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Monday, February 06, 2017

Are There Mummy Fans Digging Up Egypt?

This Mummy's Hand In Boosting Archaeology

Scariest Scene in The Mummy's Hand, Not Least Because You Can Hear The Camera Whirring

I’d nominate ancient Egypt as Number One on history’s Hit Parade. Everyone seems engaged by mummies and pyramids. There must be a hundred You Tube documentaries about Egypt. Whatever the reality, archaeology at least seems to be a glamorous occupation. Trouble is the hours --- no years --- stacked against a moment where someone makes a find. Maybe that’s why movies duck the topic still. Greenbriar talked about Valley Of The Kings a while back and noted those who embraced Egyptology after seeing it in 1954. Now I’d ask if Universal’s Mummy series had a same effect during the 30’s and 40’s. This may need to go under category of Lives Changed By Monster Movies. Were any of 1940 viewers inspired to follow Dick Foran’s example in The Mummy’s Hand and take up archaeology? I might even have set upon such a goal after seeing it at age 10, instead of merely chasing more Mummy movies. Of sequels to the 1932 Karloff classic (four, if we don’t count the Abbott and Costello Meets …), The Mummy’s Hand is best by far recruitment for the ancient world as serious pursuit. We should examine archaeologist interviews from a past seventy-five years for ones who declared: “I am here thanks to Dick Foran.”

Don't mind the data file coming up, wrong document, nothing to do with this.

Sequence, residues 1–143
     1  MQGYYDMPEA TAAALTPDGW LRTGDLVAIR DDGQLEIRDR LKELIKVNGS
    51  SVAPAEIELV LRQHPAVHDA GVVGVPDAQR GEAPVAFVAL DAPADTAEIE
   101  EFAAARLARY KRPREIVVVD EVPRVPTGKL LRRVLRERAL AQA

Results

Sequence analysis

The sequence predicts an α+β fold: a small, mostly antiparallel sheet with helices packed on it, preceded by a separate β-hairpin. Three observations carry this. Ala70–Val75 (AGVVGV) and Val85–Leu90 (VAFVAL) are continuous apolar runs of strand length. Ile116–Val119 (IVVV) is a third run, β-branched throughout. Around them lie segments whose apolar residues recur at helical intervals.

So Which Was Primary Draw --- The Mummy or The Andrews Sisters? Depended On Age, I Guess

I Checked --- Seems Ancient Egyptians Liked Leopards and Imported Them From Southern Africa, Thus Tyler's Neat Tog

Peggy Moran Blow-Dries Tom Tyler's Mummy
The Mummy’s Hand is too long unsung for its celebration of historical inquiry. Foran is an educated and articulate seeker after knowledge. He can spot a genuine artifact amidst junk sold by a Cairo street peddler. His trained eye recognizes hieroglyphs that lead to a lost tomb. Foran’s “Steve Banning” is also a live-by-wits adventurer, something we all, at one or another time, long to be. He isn’t geeky or detail-obsessed, and will engage a bar brawl where natives get too pushy. Steve must pick and choose Cairo Museum staff who can be trusted, his a wary eye for wily Eastern ways. The Mummy’s Hand is a best of the Mummy follow-ups because it takes place in Egypt. Further sequels went amiss for transplanting action to stateside. The Mummy as fish out of water won’t wash. He’s not like Kong taken off Skull Island to greater adventure elsewhere. Kharis can only be diminished by unnecessary travel, his legacy, status, even much of personal integrity, left behind, the character as shuffling nonentity being unfortunate result.